Jonathan Stedall

Foreword by Richard Tarnas

To read this book is like sitting by a fire on a long winter’s evening, listening with delight to a friend of many years who has thought deeply about life’s mysteries, and who is now looking back on his life’s journey to share, modestly and without pretension, its accumulated wisdom. This is a deeply humane book, by a deeply humane man. But it is also more than that.

Richard Tarnas at Stonehenge.

Richard Tarnas at Stonehenge.

For in his unassuming way, Jonathan Stedall explores questions and realities, and intimations of realities, that take courage to speak of in an age long ruled by that confident mindset which still believes it has more or less fully and objectively revealed the true nature of the universe. In many ways this is an old-fashioned book – unhurried in its reminiscences and reflections, rather like an intimate essay, full of treasured quotations, courteous to the reader, and sympathetic to its subjects. Yet it is also a strangely new book, radical in its willingness to push the conventional boundaries of received knowledge about what is real. It engages the big questions of life and death, of immortality and love, drawing on sources of insight that have not been accommodated within the narrow empiricism and rationalism of the orthodox modern mind. Without fanfare, without vaulting ambition, Stedall quietly seeks to understand those many more things in heaven and earth than have been dreamt of in our modern philosophy.

Ours is a time between world views, when the powerful assumptions that have shaped the modern understanding of the world and of the human being are undergoing a radical change. It is a time that C.G. Jung called the kairos: the ancient Greek term for the ‘right moment’ for a changing of the fundamental symbols and principles. Jung saw this change as happening with a kind of evolutionary necessity, beyond our conscious choice. Yet he also viewed the outcome of this great shift as in some way depending on how well we consciously participated in its unfolding. At the heart of this shift is a transformation in the spiritual condition of the modern self, which has long been grappling with the paradox of being a purposeful, meaning-seeking oddity of consciousness in a randomly evolving material universe lacking in intrinsic meaning, purpose, or soul.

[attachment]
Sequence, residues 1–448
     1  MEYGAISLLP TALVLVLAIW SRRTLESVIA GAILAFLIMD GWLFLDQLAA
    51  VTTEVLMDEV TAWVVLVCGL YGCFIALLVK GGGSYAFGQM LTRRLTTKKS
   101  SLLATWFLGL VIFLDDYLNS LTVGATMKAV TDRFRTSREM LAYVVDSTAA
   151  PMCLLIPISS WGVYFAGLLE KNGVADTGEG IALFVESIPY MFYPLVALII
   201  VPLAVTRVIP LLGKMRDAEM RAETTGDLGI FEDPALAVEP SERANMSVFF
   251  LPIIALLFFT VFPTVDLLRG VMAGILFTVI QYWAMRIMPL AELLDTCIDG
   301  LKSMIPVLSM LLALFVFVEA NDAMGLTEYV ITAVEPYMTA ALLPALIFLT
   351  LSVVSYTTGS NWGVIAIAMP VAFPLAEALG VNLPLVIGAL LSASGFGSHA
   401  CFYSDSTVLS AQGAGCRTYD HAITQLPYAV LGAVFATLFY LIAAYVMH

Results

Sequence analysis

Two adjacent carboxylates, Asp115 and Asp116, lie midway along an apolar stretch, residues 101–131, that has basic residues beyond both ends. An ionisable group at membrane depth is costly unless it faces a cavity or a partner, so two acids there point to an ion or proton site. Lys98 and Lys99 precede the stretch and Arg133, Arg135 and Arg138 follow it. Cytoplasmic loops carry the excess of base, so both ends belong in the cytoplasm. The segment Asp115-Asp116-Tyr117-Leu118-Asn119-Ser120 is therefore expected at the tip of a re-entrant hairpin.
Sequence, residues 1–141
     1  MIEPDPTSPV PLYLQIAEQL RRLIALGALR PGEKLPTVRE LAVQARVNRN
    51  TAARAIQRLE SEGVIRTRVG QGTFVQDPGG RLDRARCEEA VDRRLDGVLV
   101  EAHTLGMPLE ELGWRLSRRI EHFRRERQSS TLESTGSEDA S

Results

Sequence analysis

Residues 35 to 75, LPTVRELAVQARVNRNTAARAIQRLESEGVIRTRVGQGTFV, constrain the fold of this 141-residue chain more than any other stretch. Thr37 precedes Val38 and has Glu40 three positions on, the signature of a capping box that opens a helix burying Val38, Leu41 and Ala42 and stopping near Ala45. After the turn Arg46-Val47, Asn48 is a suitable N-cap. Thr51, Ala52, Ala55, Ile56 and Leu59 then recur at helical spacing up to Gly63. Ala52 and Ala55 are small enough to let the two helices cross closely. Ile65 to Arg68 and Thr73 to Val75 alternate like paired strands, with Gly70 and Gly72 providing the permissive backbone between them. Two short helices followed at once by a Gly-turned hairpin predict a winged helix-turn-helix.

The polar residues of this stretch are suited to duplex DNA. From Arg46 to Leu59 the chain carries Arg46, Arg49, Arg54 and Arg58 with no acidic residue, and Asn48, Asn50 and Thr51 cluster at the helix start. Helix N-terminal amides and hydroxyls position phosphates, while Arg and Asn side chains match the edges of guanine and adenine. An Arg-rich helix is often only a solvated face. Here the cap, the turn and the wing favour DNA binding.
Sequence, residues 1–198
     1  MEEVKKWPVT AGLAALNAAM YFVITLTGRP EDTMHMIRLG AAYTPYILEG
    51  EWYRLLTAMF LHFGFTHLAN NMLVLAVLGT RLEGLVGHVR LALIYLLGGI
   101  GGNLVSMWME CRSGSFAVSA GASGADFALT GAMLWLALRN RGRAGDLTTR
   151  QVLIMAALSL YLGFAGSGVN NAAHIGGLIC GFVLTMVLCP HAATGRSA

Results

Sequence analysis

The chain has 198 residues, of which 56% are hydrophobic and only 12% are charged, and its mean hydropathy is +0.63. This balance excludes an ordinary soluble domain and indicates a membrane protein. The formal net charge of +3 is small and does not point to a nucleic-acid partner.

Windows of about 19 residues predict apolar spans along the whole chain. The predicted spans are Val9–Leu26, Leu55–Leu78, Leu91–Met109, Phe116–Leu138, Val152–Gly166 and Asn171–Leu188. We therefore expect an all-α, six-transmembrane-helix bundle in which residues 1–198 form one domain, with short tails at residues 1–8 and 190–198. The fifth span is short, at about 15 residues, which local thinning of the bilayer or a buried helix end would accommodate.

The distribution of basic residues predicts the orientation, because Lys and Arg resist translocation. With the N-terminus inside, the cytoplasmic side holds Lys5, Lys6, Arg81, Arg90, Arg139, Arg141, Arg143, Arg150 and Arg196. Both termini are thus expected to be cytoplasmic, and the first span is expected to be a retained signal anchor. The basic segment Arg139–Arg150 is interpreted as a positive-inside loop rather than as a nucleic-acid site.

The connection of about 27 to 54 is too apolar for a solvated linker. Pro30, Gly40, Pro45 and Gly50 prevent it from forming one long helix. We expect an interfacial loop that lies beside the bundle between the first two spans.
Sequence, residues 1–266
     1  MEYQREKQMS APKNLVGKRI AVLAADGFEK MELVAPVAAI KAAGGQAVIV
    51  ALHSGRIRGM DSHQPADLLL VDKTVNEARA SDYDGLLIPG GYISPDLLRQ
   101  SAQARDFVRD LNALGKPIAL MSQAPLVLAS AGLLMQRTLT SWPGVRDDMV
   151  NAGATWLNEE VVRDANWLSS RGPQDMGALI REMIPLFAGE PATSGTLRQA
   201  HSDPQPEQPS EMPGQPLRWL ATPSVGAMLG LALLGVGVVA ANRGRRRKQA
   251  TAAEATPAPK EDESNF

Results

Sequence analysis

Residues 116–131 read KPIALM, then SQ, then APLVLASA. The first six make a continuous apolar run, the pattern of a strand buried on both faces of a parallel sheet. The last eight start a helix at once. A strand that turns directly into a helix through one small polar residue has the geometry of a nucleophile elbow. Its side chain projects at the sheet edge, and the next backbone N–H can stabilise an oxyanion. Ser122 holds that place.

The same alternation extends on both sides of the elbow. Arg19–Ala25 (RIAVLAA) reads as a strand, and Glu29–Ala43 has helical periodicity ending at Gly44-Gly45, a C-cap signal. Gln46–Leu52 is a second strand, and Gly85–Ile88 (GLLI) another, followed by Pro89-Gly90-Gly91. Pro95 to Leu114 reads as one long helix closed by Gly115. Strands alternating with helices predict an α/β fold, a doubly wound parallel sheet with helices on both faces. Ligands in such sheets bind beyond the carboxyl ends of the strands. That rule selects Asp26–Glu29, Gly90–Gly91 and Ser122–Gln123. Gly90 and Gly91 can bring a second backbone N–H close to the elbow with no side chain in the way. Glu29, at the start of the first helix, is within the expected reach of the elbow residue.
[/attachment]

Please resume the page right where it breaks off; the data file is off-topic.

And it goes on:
In the conventional scientific world picture, the spiritual dimension of being must ultimately be seen as nothing but an idiosyncratic projection of the human subject. To preserve consistently this world picture requires the metaphysical dismissal of most of what is most intimate and precious to the human being. Yet to confront that contradiction is to take on an enormous existential task, a tension of opposites not easily resolved. That task, Jung recognized, and Stedall recognizes, defines the spiritual adventure of the modern self.

Jonathan Stedall takes on that adventure, and brings certain special gifts to the task: a calm integrity and warmth of spirit, a breadth of human empathy, an appreciation of the different stages of human life, of different kinds of human beings, of different perspectives, of the different cultures and religions of the world. Throughout this unique narrative of a life’s seeking and learning is an engaging transparency, a self-deprecating modesty, that is linked to an extraordinary moral and metaphysical imagination.

It could also be said that this book was made possible by the unusually enlightened working environment of the BBC in an earlier age. There, an intelligent creative producer like Stedall could follow his own intellectual and spiritual curiosity, propose a topic he found of real interest, and in all likelihood be given the green light to make a program or even a series. In such propitious circumstances, Stedall became well-travelled in both the world of people and places and the world of spirit and ideas. This book is the fruit of those explorations. He draws here on the great influences who have shaped his vision of life – Steiner, Jung, Teilhard de Chardin, Gandhi and Tolstoy, Emerson and Wordsworth, Eckhart and Plato. He describes the many remarkable men and women he has met in his life’s journey and distills for us their insights – Fritz Schumacher, John Betjeman, Laurens van der Post, Cecil Collins, Malcolm Muggeridge, Bernard Lovell, Theodore Roszak, the men and women of the Camphill movement. He gently but firmly takes on the inevitable antagonists, such as Richard Dawkins. He shares his observations and intuitions without dogmatism, without inflation. Above all, he draws on his own profound experience of being human, a thoughtful person fully engaged in contemporary culture, in a life of wide horizons and poignant losses. This is a gift made possible by a lifetime of reflections and discoveries, tendered with the lightness of spirit of a good friend sharing a very interesting story indeed.

Where on Earth is Heaven? cover

All text and images © Jonathan Stedall